Sweet Pete, came to me in the midst of something much different and yet very much the same as what Paul described. I was in, what felt like, the launch of my career. I would only find out later, that that was not what I was meant for and the calling to the foreign service was one that was carefully laid out for all of us.
I worked at my computer, day and night, with tiny Pete curled up on his tummy on my bed, by my side, editing weddings. Weddings I had shot when I was eight and a half months pregnant on Palm Beach. There was a lot of stress in our lives during my pregnancy with Pete and despite our constant attempts to keep things zen, I prayed that the stress wouldn't have an affect on the sweet baby growing in my belly.
Peter's entry into this world was, I now realize, a test. Something given to me by a God to say "Go ahead make an outline for the way you want your story to read, but you don't write the book." I planned on having an epidural, I planned on having him before New Years, I didn't plan on having him so fast that I missed out on the epidural. He entered this world in a room so bright and filled with so many people that I missed the very calm and serenity that we both deserved for the first time in a long time. But, I was given the gift to know what I am/was capable of and at a time that I'd need that confidence to move forward, the peace and serenity would wait.
I know without a doubt now, that my stressful pregnancy and delivery didn't have a negative effect on Pete. But, there was a whole sleepless year with my boy who wanted to eat constantly, there was doubt about our decision to uproot our whole lives, our whole family and to leave our home. There was doubt about leaving my business and doubt about leaving the country. There were adjustments to living in the city, to having two children, to having Paul working 9-5 and to me staying at home. There were still weddings to shoot in Florida and there were clients to find in DC. There was post-partum depression.
I will always be honest with my boys and have no shame in telling you that while Pete saved Paul's life, Paul was saving mine. Paul also kept Pete alive during the midnight hours, the two and three and four times a night that he got up to eat. I kept us all alive during the week, just barely.
It wasn't until Peter was about eight months old that I fled for the open wheat fields of my parents house for a break from the constant noise of the city, that I saw the light at the end of the tunnel.
It was Pete.
I spent all day with he and Sam, in the fresh air. We picnicked and discovered parks, much the same as we did this summer. I woke up with him each night and I was exhausted, but it was different. I finally connected with those big green-grey eyes and I fell in love. I have not stopped falling love since then, but we got off to a rough start and there is a lot to blame, none of which is important now. Pete showed me what I'm made of, he continues to every day. Pete doesn't do easy and he doesn't do fast. He takes his time in the world, his feet move more slowly than molasses, but only to make up for the fact that his brain moves faster than a jet.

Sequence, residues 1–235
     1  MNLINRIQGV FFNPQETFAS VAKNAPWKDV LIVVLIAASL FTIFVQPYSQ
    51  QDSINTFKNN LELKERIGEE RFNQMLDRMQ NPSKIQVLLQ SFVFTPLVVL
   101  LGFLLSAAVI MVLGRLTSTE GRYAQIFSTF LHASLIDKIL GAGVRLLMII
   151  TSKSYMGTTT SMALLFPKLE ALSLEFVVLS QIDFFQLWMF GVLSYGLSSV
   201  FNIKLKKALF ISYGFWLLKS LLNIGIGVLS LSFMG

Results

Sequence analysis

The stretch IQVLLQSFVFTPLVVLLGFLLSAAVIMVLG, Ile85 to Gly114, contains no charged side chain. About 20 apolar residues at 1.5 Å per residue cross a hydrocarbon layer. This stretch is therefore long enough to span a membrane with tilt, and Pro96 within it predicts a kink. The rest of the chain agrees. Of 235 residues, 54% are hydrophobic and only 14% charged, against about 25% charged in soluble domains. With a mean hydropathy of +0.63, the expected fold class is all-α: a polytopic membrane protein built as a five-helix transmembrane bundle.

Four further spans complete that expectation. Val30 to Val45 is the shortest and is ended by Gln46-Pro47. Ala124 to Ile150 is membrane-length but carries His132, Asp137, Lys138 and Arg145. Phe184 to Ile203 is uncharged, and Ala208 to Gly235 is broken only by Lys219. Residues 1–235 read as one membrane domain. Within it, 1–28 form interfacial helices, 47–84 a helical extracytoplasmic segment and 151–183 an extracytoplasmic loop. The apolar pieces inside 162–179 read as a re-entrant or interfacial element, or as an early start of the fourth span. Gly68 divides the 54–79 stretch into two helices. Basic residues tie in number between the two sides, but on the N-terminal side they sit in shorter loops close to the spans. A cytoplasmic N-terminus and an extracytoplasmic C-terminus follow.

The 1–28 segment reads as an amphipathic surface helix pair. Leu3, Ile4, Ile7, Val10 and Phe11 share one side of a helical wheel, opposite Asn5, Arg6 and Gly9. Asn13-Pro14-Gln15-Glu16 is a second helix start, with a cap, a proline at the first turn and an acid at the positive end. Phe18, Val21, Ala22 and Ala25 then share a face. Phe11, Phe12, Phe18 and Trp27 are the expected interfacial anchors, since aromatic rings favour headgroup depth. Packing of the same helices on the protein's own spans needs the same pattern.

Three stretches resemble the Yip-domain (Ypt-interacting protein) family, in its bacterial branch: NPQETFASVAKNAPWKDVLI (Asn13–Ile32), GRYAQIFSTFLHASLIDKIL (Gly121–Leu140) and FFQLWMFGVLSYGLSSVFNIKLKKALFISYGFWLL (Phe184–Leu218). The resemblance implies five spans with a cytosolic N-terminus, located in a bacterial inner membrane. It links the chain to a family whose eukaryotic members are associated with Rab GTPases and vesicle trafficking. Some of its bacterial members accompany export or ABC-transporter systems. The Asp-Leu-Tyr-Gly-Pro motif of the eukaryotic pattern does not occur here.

He is the smartest, sweetest, fieriest boy I know. He is the first one to clap his hands when he hears "If your happy and you know it..." and he has a voice like a little songbird.
Yesterday was his first day of pre-school and he won the hearts of his teachers, too.
We are asked not to ask how the kids did at school at pick-up, which is silly, but perhaps necessary. As I waited and spied on him through his classroom window before pickup, the office lady stopped to tell me how well he did, she'd been in and out of the room all day and "He is so polite."
Then his teacher appeared to write the things they did for the day on the white-board outside his classroom and made it a point to tell me how wonderful he was.
He had told her his "Granddad flew jets and landed them on the runway of aircraft carriers." Which is partially true, but that isn't important either. They bonded over their naval pasts.
He was a ball of sunshine with a huge smile when he sprang from his class to greet us. He had painted rice blue, painted his hand white and painted the school red.
The highlight of his day was seeing Sam in his class on his was to the playground and the highlight of Sam's was seeing Pete on his way back from the playground.
Pete has two boys from India in his class, one is from Chennai. He also only speaks Tamil.
Once you realize hindsight is 20/20, it becomes so much easier to press on.